Though he still refuses to change the nickname of his team, Redskins owner Daniel Snyder tried to curry some favor Monday when he released a letter announcing the creation of a foundation that he says will help Native American tribal communities.
In his letter, Snyder said the Washington Redskins Original Americans Foundation would "provide meaningful and measurable resources that provide genuine opportunities for Tribal communities."
And like I wrote in the original post, Snyder says that whenever he talks to Native American leaders, they supposedly say they support the Redskins name. But I also constantly receive retorts from the Oneida nation in my email inbox that tell a different story.
As such, here's the Oneida Indian Nation's response to the new foundation.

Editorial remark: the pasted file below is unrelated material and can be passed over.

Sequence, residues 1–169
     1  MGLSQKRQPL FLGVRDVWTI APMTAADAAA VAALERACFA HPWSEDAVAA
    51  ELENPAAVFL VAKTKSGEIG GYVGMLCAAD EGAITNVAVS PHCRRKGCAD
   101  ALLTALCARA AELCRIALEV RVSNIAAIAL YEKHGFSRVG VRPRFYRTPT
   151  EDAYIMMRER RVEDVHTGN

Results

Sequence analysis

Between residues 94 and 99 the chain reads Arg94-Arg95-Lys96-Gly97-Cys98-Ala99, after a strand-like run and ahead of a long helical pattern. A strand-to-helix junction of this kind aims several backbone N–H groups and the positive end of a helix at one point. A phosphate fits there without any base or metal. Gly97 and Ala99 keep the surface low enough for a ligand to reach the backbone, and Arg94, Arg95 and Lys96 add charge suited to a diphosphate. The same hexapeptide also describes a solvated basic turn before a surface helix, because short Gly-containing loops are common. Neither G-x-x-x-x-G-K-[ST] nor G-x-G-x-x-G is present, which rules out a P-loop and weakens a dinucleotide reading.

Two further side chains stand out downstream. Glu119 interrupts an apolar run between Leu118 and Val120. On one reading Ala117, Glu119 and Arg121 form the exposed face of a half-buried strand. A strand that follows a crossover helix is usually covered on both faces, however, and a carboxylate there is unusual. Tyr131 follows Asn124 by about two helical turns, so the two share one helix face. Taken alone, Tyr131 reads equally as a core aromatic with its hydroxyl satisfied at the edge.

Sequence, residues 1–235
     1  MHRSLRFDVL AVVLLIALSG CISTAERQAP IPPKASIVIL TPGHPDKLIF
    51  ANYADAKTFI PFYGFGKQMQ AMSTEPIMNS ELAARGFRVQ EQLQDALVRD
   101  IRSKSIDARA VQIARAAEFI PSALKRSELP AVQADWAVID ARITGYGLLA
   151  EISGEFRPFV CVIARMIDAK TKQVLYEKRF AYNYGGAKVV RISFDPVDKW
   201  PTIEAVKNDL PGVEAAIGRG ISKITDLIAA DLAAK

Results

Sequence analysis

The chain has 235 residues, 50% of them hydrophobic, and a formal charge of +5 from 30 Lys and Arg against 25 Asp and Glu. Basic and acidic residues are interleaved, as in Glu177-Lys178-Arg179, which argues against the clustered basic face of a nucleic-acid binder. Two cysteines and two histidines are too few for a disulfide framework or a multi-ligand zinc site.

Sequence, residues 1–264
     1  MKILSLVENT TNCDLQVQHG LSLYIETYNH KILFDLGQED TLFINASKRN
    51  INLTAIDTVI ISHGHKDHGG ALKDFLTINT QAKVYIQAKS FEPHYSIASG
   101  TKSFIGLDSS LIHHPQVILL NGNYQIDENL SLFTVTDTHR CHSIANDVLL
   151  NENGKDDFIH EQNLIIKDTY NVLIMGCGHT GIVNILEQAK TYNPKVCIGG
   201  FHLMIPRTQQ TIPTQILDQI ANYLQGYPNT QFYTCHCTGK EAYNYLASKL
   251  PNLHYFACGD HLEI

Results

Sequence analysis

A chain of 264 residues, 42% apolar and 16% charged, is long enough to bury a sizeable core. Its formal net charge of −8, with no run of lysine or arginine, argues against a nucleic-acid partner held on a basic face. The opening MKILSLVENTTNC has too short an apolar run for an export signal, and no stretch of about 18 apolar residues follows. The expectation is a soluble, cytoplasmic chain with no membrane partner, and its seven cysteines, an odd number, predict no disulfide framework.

From representative Ray Halbritter:
We're glad that after a decade of owning the Washington team, Mr. Snyder is finally interested in Native American heritage, and we are hopeful that when his team finally stands on the right side of history and changes its name, he will honor the commitments to Native Americans that he is making.
We are also hopeful that in his new initiative to honor Native Americans' struggle, Mr. Snyder makes sure people do not forget that he and his predecessor George Preston Marshall, a famous segregationist, have made our people's lives so much more difficult by using a racial slur as the Washington team's name.
Meanwhile, at least two members of Congress continue to push Snyder to change the name. It seems rather unlikely at this point that he's inclined to do so.